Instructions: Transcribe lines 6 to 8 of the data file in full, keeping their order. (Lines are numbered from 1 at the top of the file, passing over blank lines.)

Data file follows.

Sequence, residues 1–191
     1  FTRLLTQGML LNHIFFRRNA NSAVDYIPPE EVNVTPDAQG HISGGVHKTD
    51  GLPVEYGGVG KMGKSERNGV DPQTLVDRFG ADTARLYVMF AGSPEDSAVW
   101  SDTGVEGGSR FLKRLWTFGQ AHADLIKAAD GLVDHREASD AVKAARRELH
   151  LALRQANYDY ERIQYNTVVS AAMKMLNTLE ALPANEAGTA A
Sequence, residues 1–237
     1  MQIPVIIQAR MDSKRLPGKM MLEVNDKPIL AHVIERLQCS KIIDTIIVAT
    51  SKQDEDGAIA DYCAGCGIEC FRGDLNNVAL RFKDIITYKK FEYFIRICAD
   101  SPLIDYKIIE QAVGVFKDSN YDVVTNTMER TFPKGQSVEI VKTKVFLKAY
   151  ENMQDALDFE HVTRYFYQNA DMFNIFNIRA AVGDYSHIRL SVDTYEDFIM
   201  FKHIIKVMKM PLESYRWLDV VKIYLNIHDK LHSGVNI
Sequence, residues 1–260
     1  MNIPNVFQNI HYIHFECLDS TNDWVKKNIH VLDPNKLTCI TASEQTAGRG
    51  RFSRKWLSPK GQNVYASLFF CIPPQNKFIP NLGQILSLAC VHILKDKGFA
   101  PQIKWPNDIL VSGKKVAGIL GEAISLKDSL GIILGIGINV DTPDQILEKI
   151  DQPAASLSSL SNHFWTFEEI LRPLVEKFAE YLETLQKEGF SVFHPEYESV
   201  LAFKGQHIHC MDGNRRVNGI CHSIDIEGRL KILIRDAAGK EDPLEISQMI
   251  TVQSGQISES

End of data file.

Sequence, residues 1–237
     1  MQIPVIIQAR MDSKRLPGKM MLEVNDKPIL AHVIERLQCS KIIDTIIVAT
    51  SKQDEDGAIA DYCAGCGIEC FRGDLNNVAL RFKDIITYKK FEYFIRICAD